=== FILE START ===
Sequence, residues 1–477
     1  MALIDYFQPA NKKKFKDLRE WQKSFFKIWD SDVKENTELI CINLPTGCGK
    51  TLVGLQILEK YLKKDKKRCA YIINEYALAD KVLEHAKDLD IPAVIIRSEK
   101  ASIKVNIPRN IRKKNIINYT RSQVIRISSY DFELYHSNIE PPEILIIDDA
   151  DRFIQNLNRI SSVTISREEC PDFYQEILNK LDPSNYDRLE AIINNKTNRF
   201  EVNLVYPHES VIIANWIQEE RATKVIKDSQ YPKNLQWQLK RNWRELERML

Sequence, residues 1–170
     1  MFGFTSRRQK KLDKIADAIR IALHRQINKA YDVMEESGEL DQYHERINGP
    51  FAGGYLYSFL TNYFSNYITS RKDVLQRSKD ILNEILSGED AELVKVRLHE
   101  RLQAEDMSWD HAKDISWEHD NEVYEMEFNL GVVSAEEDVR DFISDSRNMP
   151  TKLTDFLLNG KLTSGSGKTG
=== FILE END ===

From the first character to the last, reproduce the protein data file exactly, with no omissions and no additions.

Sequence, residues 1–477
     1  MALIDYFQPA NKKKFKDLRE WQKSFFKIWD SDVKENTELI CINLPTGCGK
    51  TLVGLQILEK YLKKDKKRCA YIINEYALAD KVLEHAKDLD IPAVIIRSEK
   101  ASIKVNIPRN IRKKNIINYT RSQVIRISSY DFELYHSNIE PPEILIIDDA
   151  DRFIQNLNRI SSVTISREEC PDFYQEILNK LDPSNYDRLE AIINNKTNRF
   201  EVNLVYPHES VIIANWIQEE RATKVIKDSQ YPKNLQWQLK RNWRELERML

Sequence, residues 1–170
     1  MFGFTSRRQK KLDKIADAIR IALHRQINKA YDVMEESGEL DQYHERINGP
    51  FAGGYLYSFL TNYFSNYITS RKDVLQRSKD ILNEILSGED AELVKVRLHE
   101  RLQAEDMSWD HAKDISWEHD NEVYEMEFNL GVVSAEEDVR DFISDSRNMP
   151  TKLTDFLLNG KLTSGSGKTG